- Scope 1: Direct emissions, e.g., emitted by factories or vehicles you own.
- Scope 2: Indirect emissions from purchasing energy, e.g., buying electricity for or heating and cooling your buildings.
- Scope 3: Other indirect emissions from making products and services, e.g., from purchased materials, business travel, etc.
- Full Upstream/Downstream Activities: Other emissions not covered so far in the full lifecycle of your products and services, e.g., distribution, storage, and disposal, sometimes covered in Scope 3 definitions and sometimes not.
Many companies who claim they are “carbon neutral” are often only looking at their Scope 1 or Scope 1 & 2 emissions, even though Scope 3 and Full Upstream/Downstream Activities are often where the vast majority of emissions take place, especially for organizations not producing or processing physical goods.
In addition, many organizations only look at activities where clear guidelines have been defined (e.g., air travel), but ignore areas where there are no guidelines (e.g., impact of marketing, home offices, etc.), even if much of the organization’s carbon emissions are the result of these activities.
At DuckDuckGo we didn't think the standard went far enough, so we redefined our approach to make us responsible for all emissions we cause that are not already net zero, regardless of their categorization (or lack thereof).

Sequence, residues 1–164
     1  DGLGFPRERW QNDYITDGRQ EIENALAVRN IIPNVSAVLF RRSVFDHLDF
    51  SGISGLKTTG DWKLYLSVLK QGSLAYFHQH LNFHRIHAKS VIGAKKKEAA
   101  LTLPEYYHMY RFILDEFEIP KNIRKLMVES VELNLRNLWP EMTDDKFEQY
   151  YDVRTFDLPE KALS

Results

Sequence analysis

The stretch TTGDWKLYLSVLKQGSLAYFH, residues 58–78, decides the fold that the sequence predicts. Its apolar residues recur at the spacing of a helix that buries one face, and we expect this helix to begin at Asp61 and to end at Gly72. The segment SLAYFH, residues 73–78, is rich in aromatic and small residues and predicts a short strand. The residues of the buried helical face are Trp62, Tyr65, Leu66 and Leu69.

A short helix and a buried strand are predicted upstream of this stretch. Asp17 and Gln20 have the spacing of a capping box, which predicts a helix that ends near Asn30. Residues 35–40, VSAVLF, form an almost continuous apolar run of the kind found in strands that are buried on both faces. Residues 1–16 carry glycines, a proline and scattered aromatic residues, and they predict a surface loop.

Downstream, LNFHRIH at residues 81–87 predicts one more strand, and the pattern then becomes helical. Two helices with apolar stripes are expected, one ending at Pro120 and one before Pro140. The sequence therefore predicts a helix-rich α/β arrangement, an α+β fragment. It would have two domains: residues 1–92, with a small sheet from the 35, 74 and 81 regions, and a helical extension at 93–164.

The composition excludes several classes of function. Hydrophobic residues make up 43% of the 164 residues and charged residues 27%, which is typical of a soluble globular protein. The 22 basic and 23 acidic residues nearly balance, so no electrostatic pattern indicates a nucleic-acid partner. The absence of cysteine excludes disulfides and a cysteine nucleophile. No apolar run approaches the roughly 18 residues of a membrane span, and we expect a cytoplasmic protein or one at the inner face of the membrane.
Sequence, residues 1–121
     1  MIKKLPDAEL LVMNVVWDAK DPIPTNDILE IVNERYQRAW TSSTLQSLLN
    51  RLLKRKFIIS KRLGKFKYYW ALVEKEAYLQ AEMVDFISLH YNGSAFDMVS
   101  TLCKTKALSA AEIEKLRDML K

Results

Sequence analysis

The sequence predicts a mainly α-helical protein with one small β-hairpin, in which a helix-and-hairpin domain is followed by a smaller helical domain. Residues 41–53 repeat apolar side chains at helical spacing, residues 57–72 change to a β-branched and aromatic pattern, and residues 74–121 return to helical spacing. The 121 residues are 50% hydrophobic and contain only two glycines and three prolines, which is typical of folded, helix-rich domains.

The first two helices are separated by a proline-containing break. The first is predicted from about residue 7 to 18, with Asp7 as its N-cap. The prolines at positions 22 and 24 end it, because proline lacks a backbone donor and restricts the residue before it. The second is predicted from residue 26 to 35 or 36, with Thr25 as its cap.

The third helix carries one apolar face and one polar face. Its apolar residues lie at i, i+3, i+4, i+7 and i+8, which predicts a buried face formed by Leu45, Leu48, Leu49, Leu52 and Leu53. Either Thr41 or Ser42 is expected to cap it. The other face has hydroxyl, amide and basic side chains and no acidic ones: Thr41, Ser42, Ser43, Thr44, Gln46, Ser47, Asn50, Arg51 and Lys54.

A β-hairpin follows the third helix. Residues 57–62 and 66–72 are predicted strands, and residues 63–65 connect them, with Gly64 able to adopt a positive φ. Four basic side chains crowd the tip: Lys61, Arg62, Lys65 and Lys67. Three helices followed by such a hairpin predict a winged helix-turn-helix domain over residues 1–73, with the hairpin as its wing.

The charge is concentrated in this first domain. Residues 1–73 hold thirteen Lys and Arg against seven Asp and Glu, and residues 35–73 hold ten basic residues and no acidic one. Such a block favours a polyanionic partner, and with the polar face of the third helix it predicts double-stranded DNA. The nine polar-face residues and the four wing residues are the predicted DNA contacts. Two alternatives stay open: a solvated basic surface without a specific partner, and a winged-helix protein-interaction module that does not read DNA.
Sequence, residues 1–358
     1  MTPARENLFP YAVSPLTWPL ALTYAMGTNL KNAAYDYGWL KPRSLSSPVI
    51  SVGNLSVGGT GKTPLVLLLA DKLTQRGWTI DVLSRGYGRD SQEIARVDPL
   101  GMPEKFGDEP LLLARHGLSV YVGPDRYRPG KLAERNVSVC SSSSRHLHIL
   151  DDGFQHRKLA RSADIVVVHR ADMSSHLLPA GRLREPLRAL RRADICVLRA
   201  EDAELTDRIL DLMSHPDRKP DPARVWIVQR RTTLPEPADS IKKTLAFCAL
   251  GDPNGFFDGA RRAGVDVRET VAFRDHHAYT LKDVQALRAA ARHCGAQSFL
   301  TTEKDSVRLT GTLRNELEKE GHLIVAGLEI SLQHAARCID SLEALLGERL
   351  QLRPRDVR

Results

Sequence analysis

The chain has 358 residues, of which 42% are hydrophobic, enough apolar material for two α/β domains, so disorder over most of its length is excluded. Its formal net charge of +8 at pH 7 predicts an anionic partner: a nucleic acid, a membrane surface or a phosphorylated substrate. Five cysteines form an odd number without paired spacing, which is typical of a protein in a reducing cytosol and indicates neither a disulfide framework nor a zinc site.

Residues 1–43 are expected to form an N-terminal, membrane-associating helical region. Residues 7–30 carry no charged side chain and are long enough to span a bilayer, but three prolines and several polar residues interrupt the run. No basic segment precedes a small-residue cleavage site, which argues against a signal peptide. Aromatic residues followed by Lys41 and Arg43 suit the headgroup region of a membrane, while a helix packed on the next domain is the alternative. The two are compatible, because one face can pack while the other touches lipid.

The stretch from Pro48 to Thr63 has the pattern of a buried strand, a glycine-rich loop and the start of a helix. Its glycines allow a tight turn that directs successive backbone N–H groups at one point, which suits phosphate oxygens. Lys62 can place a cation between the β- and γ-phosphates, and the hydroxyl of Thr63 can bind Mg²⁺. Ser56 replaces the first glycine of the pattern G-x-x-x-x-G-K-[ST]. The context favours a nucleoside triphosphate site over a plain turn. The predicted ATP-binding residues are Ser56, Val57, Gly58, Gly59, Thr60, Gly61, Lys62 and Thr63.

To estimate our emissions, we pulled together leading source material from environmental agencies around the world including the UK DEFRA / DEEC 2012 GHG Conversion Factors for Company Reporting, the EPA's 2018 Emission Factors for Greenhouse Gas Inventories Report, the BEIS' 2019 Government Greenhouse Gas Conversion Factors for Company Reporting Methodology Paper, and the Environmental Commission of Ontario's 2019 Climate Pollution Report. From here, we mapped out the carbon footprint of every single transaction on our books for the entire 2019 calendar year (since we started working on this in mid-2020), and used that to build a model to estimate category emissions per accounting transaction. That means every vendor bill and credit card purchase by a team member.
While some transactions fit into standard models developed by government agencies (e.g., air travel), it turns out that to our knowledge, no one in government has ever calculated the carbon emissions of an online display advertisement. So, in cases where there was no standard model, or we felt a standard model clearly under-estimated the actual carbon footprint, we developed our own formulas.
This led to us estimating some currently unorthodox emissions including:
- The hardware and software our staff use in their home offices.
- A proportional amount of heating/cooling used in each home office during the work day.
- The fuel used in the Lyft they take to a partnership meeting.
- The emissions that stem from our marketing (both online and offline), such as showing a display ad on a user's computer.
- The amount of emissions generated from each DuckDuckGo Search query itself.